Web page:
I was blasting the Sex Pistols while writing this and their song “Pretty Vacant” came on—which is a perfect way to describe The Veil, a straight to Netflix movie from Blumhouse Productions and distributed through Blumhouse Tilt. I actually considered just recording a video of me sleeping while watching the flick and turning that in instead of a written review. But, alas, I have a responsibility.
Jim Jacobs (Thomas Jane) is the crazed leader of a looney cult called Heaven’s Veil. Jacobs has a theory about death revolving around the three nails used to crucify Christ: by removing these three nails, symbolically of course, one can separate their soul from the body and achieve a deathless existence. During an attempt to help his family and followers to achieve such an existence the compound is raided by the FBI and everyone dies. Everyone, that is, except Sarah. Fast forward to present day. Sarah (Lily Rabe) is contacted by a documentary crew led by Maggie (Jessica Alba) who’s discovered some photographs revealing video cameras (which have never been seen before) set up around the compound. Maggie wishes to go to Heaven’s Gate to find out what really happened—because her father was one of the FBI agents who raided the compound that day. Sarah agrees to go along and help with the documentary. Once there, however, she and the others are accosted by supernatural phenomena—visions and voices lurk beyond every door and around every corner! Will Maggie, Sarah and the others be able to uncover the truth behind the Heaven’s Veil massacre? Will Sarah discover why she was the only one left alive? Will the viewer be able to stay awake long enough to care?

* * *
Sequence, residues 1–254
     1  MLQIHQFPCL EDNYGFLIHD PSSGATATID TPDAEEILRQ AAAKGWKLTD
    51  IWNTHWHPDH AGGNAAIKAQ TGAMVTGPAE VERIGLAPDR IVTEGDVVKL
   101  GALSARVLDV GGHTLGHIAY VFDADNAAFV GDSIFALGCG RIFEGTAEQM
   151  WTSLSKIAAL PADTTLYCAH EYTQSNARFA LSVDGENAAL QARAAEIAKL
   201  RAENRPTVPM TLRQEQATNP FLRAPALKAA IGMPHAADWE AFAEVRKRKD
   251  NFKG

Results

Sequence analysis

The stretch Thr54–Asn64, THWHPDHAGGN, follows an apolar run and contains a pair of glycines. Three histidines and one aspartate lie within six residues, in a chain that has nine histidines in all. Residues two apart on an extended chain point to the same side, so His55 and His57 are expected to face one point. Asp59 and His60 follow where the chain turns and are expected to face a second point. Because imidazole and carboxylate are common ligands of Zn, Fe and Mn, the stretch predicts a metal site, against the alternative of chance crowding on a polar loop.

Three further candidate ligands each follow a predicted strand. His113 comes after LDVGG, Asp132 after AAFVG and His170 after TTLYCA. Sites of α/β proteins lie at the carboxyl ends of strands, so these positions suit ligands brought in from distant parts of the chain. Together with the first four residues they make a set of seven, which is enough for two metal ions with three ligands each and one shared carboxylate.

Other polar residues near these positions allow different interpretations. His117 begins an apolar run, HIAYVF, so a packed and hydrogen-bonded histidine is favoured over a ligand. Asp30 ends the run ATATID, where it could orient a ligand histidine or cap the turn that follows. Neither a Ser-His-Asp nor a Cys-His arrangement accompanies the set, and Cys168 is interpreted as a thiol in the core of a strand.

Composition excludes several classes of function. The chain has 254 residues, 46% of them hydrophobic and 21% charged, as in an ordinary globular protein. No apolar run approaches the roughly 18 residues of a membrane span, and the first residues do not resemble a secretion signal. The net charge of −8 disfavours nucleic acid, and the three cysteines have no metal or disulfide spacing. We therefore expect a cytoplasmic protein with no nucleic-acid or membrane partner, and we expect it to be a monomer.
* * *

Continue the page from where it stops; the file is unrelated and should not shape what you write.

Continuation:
Okay, let’s dispense with the positive first: Thomas Jane. He’s the only actor in The Veil who seems to have put some effort into his role; his character is the only one who isn’t as dull as stale bread. His scenes were the only things engaging in this flick. So let’s give Mr. Jane big props for putting some effort into a mediocre flick.
Now it’s time to go downhill.
“Do you hear that?”
“Yeah, I can’t see where it’s coming from.”
“It’s not from the film. Could be from another room?”
After that, they just go about what they were doing without looking the slightest bit worried or freaked out—as though they’d just finished discussing their preferred brand of chewing gum.
Mix the apathetic acting with a script that’s just as lifeless and you have a perfect cure for insomnia. The Veil begins and builds like there’s going to be some grand reveal at the conclusion (you know, like some crazy explanation as to why Sarah was left alive) but no: the script just putts towards an unsatisfying ending—not that that really matters because the journey is about as exciting as watching paint dry but still, what they gave us was just lazy. What little tension and scares that exist in the script could have been drawn out had director Phil Joanou actually given a crap. But his directorial style is akin to a school bell and he, like his actors, is just here to collect a paycheck.
All in all, The Veil is nothing more than a veil of boredom, a flick with less energy and vitality than a fresh corpse. Unless you are forced to do so at gunpoint, don’t watch it. Heck, don’t even think about it. Just keep moving along…there is no entertainment to be found here.